FRANCE - Complex tax and overgenerous benefits for public transport workers are holding up pension reform, according to the OECD.  

Changes since the early 1990s "have dealt with about half the long-term increase in claims on public finances that ageing would have been expected to generate," tound its latest economic survey on France, published today.

"Despite two important reforms in the last 15 years, the public pension system remains complicated and is still financially unsustainable," added the report.

The OECD pointed out that tax issues are the main focus for savers even before considering return, risk and management fees. Therefore the OECD recommends harmonisation of tax exemptions on savings. It added: "the multiplicity of tax arrangements seems unlikely to promote efficient saving behaviour".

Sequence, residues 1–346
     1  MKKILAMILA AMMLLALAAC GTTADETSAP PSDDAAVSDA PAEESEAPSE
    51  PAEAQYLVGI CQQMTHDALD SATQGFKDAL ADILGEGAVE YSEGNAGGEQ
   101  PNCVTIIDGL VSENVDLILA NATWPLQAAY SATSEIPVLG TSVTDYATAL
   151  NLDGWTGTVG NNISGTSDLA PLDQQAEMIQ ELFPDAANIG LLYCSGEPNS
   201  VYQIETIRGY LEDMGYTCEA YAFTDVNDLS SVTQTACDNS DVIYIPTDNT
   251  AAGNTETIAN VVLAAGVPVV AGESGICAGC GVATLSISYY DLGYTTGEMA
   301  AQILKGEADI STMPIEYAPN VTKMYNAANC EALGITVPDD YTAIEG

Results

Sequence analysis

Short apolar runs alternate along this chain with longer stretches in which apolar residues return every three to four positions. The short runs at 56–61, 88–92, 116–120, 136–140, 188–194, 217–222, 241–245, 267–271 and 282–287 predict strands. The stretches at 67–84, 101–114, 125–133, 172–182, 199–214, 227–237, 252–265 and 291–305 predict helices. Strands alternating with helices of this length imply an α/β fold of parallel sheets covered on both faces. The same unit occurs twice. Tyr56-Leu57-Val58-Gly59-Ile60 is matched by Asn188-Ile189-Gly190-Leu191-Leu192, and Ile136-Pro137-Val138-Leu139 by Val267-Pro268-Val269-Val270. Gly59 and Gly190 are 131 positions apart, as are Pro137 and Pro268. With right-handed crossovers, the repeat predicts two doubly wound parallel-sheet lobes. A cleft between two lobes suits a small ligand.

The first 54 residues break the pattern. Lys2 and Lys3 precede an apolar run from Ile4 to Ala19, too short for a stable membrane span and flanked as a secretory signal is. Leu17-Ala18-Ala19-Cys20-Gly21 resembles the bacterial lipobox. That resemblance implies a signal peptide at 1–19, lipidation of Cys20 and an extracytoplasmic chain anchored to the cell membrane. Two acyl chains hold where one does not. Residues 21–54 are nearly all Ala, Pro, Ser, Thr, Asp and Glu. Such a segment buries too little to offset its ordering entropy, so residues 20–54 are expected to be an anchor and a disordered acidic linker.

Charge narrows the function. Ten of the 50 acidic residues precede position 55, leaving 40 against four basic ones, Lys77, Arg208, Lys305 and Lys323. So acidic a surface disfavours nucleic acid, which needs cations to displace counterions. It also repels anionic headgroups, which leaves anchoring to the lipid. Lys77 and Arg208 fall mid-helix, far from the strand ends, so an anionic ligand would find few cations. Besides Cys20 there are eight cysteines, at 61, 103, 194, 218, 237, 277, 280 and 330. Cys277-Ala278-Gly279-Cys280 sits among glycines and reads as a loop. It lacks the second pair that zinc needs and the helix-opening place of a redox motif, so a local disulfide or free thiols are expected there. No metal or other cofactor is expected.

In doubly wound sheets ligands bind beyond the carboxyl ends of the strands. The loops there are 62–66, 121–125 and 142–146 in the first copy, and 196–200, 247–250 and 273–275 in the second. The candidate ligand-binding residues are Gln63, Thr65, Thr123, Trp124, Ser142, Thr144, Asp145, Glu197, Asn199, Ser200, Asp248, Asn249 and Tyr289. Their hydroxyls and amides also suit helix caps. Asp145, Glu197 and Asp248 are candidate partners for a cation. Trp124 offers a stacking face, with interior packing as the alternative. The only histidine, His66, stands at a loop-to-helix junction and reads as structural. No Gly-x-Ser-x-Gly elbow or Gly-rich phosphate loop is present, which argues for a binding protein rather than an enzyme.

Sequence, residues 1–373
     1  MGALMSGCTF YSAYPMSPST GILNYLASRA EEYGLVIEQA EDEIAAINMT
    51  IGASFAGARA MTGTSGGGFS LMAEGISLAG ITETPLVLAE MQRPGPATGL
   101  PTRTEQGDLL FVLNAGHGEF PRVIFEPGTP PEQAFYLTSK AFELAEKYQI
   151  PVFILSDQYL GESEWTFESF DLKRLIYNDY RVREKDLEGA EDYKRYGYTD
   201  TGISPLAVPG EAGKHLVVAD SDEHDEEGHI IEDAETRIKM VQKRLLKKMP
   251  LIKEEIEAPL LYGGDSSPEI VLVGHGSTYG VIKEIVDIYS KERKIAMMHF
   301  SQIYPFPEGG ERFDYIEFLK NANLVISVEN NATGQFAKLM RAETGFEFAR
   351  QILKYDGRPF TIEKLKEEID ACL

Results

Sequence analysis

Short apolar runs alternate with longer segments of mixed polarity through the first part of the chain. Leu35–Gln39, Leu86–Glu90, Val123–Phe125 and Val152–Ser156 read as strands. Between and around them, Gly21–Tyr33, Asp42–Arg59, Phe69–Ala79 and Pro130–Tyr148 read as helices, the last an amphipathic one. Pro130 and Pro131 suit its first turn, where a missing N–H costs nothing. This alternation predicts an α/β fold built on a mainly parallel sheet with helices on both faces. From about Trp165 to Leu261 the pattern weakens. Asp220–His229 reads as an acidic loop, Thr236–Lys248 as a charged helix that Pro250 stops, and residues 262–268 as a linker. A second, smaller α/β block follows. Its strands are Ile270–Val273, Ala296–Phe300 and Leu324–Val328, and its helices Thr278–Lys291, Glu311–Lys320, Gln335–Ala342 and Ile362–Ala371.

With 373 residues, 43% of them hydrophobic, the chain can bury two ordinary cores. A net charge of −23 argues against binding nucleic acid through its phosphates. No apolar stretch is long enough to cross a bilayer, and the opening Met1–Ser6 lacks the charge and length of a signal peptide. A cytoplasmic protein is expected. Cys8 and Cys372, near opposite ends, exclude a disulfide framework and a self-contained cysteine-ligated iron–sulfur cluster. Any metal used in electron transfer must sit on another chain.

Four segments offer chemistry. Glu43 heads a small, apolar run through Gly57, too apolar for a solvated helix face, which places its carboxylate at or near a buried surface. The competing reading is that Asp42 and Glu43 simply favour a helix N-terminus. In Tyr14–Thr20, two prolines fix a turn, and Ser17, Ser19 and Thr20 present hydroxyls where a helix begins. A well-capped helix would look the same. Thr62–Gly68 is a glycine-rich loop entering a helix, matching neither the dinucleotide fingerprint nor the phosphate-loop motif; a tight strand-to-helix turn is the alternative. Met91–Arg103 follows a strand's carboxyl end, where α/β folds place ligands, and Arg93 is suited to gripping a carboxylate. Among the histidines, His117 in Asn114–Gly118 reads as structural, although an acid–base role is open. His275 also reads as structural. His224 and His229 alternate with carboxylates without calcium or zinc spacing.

It urged the new government of Nicolas Sarkozy to phase out "the extra generosity" of special pension regimes and bring them in line for that of the private sector. The OECD suggests this "would probably make it politically easier to take further measures to reduce the future cost of the general regime".

Special pension arrangements currently cover just under half a million workers in current or formerly state-owned companies, mainly public transport workers, according to the OECD.

Another possible reform angle is the scheme for civil servants. The OECD noted that while contribution years have been aligned with the private sector, the civil servants' scheme still remains a final salary arrangement as opposed to a career average model.

Furthermore, the OECD recommended continuing linking pension contributions to life expectancy in the 2008 review of the pension reform finalised in 2003. This indexation already led to an increase of the required contribution period to 41 years by 2012 and will rise to 42 years by 2020 if retained after the review.